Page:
Breakfast Edition: 11 November 2015

Breakfast Edition: 11 November 2015

WATCH & LISTEN: Here's a recap of this morning's top news stories.

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PARLIAMENTARY STRIKE: Parliament has taken recourse to an interdict dating back to 2010 to prevent striking staff from disrupting the work of the legislature. Briefing journalists on Tuesday evening on the ongoing strike by hundreds of support staff, secretary to Parliament Gengezi Mgidlana said the interdict, which prevents workers from picketing and protesting on the premises of the legislature, was still in effect five years later.

"We are basically at this point in time working very tirelessly within the institution and the South African security services in this regard - the police - in order to manage the situation and make sure that the actions that are taken, are taken within the confines of the law, the confines of the agreements that we have, the confines of the interdict," Mgidlana said. Tuesday marked the second day of a stoppage by hundreds of members of Nehawu over employment conditions.

DROUGHT DISCUSSED IN NATIONAL ASSEMBLY: When parliament did get underway, opposition parties lashed out at the government for not managing the drought situation and water in the country properly. The Agriculture minister, Senzeni Zokwana told the house that emergency funds have been made available to help farmers in need.  

FARMERS AFFECTED BY DROUGHT: Agriculture Economist, Johan Willemse says in a recent poll, 60% of wheat and grain farmers said they would have smaller crops, while livestock farmers say they will have to start slaughtering early and that the quality of meat would be affected because of the drought.  

CONSUMERS URGED TO USE WATER SPARINGLY: Several Metros in Gauteng are struggling to keep taps open. The City of Johannesburg is struggling to keep the water levels up in the reservoir providing Brixton and surrounding areas with water.  And in Ekhuruleni, water tankers are already being deployed in suburbs. The Ekhuruleni Metro's Themba Gadebe says in the absence of rain, saving water is the only answer.  

NEW PRESIDENTIAL JET WOULD BE IMPRACTICAL: The reported R4-billion price tag for a new Presidential jet is impractical, the government defence and security acquisition agency, Armscor, said on Tuesday.

"Remember that this (stage) is only a request for information (RFI). I don't know where the R4 billion comes from, because quite frankly we cannot afford it. We are looking at a whole variety of options," Armscor chief executive Kevin Wakeford told reporters in Pretoria. "We are seeking information so that we can establish the costs. Until we establish the costs … we are not going to do anything irresponsible. That I can guarantee you." He said affordability would determine the plane which would be acquired to complement the current VVIP jet, Inkwazi.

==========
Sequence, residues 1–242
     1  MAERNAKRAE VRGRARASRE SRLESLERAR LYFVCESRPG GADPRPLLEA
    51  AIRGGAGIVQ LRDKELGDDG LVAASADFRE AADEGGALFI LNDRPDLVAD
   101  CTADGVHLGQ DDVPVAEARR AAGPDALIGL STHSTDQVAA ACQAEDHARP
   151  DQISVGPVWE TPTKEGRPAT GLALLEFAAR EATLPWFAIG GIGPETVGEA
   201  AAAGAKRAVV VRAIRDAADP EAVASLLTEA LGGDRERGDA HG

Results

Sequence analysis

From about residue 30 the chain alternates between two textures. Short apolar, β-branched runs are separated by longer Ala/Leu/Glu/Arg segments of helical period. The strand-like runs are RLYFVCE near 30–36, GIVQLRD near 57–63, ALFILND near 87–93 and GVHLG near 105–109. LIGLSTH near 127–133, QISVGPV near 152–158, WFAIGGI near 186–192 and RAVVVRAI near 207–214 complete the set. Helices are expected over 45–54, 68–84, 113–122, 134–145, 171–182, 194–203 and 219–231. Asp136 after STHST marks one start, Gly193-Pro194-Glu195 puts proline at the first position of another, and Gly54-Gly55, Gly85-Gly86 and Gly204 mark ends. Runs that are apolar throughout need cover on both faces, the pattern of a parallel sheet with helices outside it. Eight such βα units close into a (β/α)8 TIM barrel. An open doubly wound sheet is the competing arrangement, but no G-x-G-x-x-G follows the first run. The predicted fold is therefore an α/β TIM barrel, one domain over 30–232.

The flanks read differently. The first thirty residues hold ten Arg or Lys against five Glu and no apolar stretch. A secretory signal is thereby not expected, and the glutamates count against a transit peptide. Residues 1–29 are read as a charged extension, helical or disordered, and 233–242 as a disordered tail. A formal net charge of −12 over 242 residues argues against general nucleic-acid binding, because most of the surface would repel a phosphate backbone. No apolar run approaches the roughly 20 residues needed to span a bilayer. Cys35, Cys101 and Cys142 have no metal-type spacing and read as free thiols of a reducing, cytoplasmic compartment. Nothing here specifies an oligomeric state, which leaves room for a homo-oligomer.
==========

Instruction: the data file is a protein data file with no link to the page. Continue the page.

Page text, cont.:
SENTENCING IN MIDO MACIA CASE STARTS: Sentencing proceedings for the eight former Daveyton policemen convicted of murdering Mozambican taxi driver, Mido Macia, by dragging him behind a police van, are set to start in the Pretoria High Court today. Their arrest and conviction followed the release of cell-phone video. As Silindelo Masikane reports, sentencing was supposed to begin in September, but the pre-sentencing reports were not ready. 

PINK DIAMOND SELLS FOR MILLIONS: A spectacular pink diamond, the largest of its kind to ever appear at an auction, sold for $28.5 million on Tuesday, narrowly beating auction house Christie's projection. An unidentified bidder snatched up the 16.08-carat rare gemstone, kicking off a week of auctions that could see another coloured diamond set a new world record. That stone, a 12.03-carat blue diamond described by experts as 'flawless', is being sold by rival auction house Sotheby's on Wednesday, and could fetch a record $55 million. The pink diamond, owned by an American family for the past 15 years, is the largest cushion-shaped stone classified in the elite "fancy vivid" category to ever come to auction. Christie's had listed the projected sale price between $23 and $28 million. 

KIDS SAY THE DARNEST THINGS: More and more people in the US are talking about a female president, but what do kids think of having a woman as president? Jimmy Kimmel decided to sit down with two boys and two girls to see how they feel about Hillary Clinton being president. 



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